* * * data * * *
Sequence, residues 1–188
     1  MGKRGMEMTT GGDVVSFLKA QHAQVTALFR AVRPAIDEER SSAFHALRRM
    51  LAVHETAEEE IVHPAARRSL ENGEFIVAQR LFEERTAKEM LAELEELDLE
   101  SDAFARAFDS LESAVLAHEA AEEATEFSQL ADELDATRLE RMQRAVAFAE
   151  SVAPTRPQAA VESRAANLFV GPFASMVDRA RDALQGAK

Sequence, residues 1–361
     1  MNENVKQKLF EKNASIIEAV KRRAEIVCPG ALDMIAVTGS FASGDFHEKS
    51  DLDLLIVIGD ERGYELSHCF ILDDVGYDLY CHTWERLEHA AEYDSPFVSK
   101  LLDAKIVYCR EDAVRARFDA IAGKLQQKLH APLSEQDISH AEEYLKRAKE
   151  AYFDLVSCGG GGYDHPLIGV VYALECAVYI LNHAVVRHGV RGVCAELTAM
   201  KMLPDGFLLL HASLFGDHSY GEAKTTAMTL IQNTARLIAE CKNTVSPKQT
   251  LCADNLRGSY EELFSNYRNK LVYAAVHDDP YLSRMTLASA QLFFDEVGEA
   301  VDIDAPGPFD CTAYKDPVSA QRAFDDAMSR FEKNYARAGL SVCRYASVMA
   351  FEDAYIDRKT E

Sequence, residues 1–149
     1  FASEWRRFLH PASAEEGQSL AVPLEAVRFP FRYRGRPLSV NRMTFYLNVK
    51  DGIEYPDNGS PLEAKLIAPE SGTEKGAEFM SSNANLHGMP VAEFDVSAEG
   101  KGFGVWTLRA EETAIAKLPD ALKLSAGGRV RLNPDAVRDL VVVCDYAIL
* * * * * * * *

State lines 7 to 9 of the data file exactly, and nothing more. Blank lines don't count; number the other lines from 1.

     1  MNENVKQKLF EKNASIIEAV KRRAEIVCPG ALDMIAVTGS FASGDFHEKS
    51  DLDLLIVIGD ERGYELSHCF ILDDVGYDLY CHTWERLEHA AEYDSPFVSK
   101  LLDAKIVYCR EDAVRARFDA IAGKLQQKLH APLSEQDISH AEEYLKRAKE